Attempts on Her Life - National Theatre - video design by Leo Warner @ 59 Productions


Director: Katie Mitchell

Designer: Vicki Mortimer

Lighting Designer: Paule Constable

Video Designer: Leo Warner for Fifty Nine Productions

Video Design Assistant:Robert Sharp for Fifty Nine Productions

Music Paul Clark

Sound Designer: Gareth Fry


Kate Duchene

Michael Gould

Anastasia Hille

Kristin Hutchinson

Sean Jackson

Liz Kettle

Paul Ready

Jonah Russell

Attempts on Her Life

National Theatre

Selected Reviews'Attempts on Her Life arguably contains the most sophisticated, layered use of film in the theatre to date.'


'[Mitchell's] superb ensemble...mercurially play film industry hacks, journos, porn stars and pop stars with satirical wit, icy callousness, then surfacing fear and despair. This is all while they are filming each other live, appearing both on the stage and on several giant screens....Mitchell's staging is fantastically orchestrated, intelligent and haunting. She and her team emerge here as world class avant-gardists. Attempts On Her Life is a fascinating follow-up to Mitchell's multimedia dramatisation of Virginia Woolf's The Waves'

Independent on Sunday

'In Katie Mitchell's dazzling new treatment you never feel that anyone on stage is unclear about the material. Their authority deepens our doubt. Who is Anne? Artist? Terrorist? Porn queen? Stories about her jostle in darkness. The key props are cameras which, you suspect, always lie. In a virtuoso alliance of theatre and film'

The Observer

'Everything is edgy, dark, uncertain. There is particularly good stuff on the pseudy inanities of arts programmes, while Crimp's apprehension of a climate of terror and random violence seems prophetic, post-September 11. Mitchell's constant use of video also suggests an age in which we observe the world through the glass of our TV and computer screens, darkly.'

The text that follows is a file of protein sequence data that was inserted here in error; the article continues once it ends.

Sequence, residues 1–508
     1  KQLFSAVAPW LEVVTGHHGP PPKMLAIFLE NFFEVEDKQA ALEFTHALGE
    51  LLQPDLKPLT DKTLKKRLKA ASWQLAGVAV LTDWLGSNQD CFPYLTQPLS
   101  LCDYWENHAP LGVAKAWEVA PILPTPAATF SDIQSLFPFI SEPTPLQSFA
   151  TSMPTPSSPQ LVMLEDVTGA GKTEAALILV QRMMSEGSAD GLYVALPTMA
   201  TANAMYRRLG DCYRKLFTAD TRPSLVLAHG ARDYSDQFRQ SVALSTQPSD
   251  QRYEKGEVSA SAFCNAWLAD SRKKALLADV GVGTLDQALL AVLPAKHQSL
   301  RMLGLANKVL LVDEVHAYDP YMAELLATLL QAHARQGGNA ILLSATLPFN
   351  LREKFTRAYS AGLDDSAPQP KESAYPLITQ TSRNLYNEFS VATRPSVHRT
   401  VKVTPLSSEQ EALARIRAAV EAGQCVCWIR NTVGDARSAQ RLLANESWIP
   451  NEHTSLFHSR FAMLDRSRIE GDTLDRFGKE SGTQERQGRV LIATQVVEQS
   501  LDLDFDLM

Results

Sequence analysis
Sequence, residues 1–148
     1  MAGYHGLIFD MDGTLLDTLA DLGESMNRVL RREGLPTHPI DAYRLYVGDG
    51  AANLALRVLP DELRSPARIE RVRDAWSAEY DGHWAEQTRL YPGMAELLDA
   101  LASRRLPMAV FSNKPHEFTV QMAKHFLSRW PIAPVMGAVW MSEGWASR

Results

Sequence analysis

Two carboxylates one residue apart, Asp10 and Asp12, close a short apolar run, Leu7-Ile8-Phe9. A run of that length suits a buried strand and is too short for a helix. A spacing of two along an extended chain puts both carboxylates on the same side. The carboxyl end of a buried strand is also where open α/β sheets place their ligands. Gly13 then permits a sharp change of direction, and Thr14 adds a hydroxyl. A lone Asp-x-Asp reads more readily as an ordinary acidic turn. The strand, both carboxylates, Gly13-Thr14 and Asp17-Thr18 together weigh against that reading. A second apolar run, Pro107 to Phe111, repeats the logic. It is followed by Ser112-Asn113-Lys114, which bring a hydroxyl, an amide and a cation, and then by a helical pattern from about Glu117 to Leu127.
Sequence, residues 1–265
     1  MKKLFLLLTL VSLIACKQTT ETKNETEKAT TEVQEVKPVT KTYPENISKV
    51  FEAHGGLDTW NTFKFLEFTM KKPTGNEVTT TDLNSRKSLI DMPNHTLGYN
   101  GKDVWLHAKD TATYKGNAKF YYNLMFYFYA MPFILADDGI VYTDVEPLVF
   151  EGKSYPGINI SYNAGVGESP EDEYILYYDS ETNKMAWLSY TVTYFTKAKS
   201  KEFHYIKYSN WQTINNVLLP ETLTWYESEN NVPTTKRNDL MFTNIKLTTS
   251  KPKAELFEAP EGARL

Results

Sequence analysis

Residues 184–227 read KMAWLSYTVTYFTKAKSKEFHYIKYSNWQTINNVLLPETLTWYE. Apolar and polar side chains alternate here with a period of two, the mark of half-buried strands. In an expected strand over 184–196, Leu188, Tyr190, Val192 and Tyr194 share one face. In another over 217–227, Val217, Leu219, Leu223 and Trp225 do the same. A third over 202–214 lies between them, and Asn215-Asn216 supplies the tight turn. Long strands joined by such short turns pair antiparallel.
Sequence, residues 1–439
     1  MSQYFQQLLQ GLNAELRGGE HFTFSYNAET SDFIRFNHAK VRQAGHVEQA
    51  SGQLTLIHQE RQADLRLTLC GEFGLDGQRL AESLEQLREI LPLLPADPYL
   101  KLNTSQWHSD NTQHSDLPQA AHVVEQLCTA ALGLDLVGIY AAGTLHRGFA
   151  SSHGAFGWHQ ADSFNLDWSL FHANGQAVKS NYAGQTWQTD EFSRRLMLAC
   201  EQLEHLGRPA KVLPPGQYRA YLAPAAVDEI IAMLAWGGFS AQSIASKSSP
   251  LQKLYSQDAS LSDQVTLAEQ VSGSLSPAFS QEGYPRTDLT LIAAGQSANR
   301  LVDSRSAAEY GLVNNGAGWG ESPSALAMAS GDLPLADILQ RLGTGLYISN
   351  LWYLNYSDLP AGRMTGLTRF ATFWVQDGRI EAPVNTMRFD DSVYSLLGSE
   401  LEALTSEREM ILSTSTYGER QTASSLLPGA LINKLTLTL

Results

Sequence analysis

The Telegraph

'Always impressively imaginative and visually exciting. There's little doubt that this production rocks.'

The Stage

'In this hugely ambitious production, the action is entirely played out on screens above the stage. On to these are projected the movements and speeches of the cast in a huge variety of filming techniques - noirish close-ups of the feet of a murder victim morph into overlit television commercials and grainy police videos. In many cases this video work is spectacular and effectively evokes a society in which life is lived through a lens and every action is filtered by the media.'

The Independent

Very clever and disturbingly true... it would be hard to better [Mitchell's] witty, super-slick staging, which fills the Lyttelton stage with cameras, screens and microphones around which the versatile actors scurry. They create pop videos, advertisements, documentaries and art works, conduct one dialogue as a cop-show interrogation and another as a mischievously funny parody of Late Review.'

Financial Times

'Katie Mitchell's revival in the NT Lyttelton elevates it into something else: a brilliant, updated (with instant video replay, projections, microphones and music) application of Brecht?s alienation effect in considering the slippery identity of an all-purpose 1990s woman....The video designs of Leo Warner are crucial to the impact of what has clearly become a classic of contemporary theatre....You will see nothing else like it all year.'

'Katie Mitchell broke new ground with her use of video in her last production, Waves, and Attempts on Her Life arguably contains the most sophisticated, layered use of film in the theatre to date. Imagine the split screen effect in Mike Figgis' movie Timecode, except that one of the screens is the stage.'


and the Daily Mail...

'People used to say the British would not tolerate totalitarianism. We were too bloody-minded, individualist and sensible. Given how an audience put up with two hours of debasing trash at the National Theatre last night, that may no longer be the case. Any society which can endure such fare without shouting ‘rot’ and angrily demanding a refund is a society in severe decay, a society which will take force-feeding like a tethered French duck…'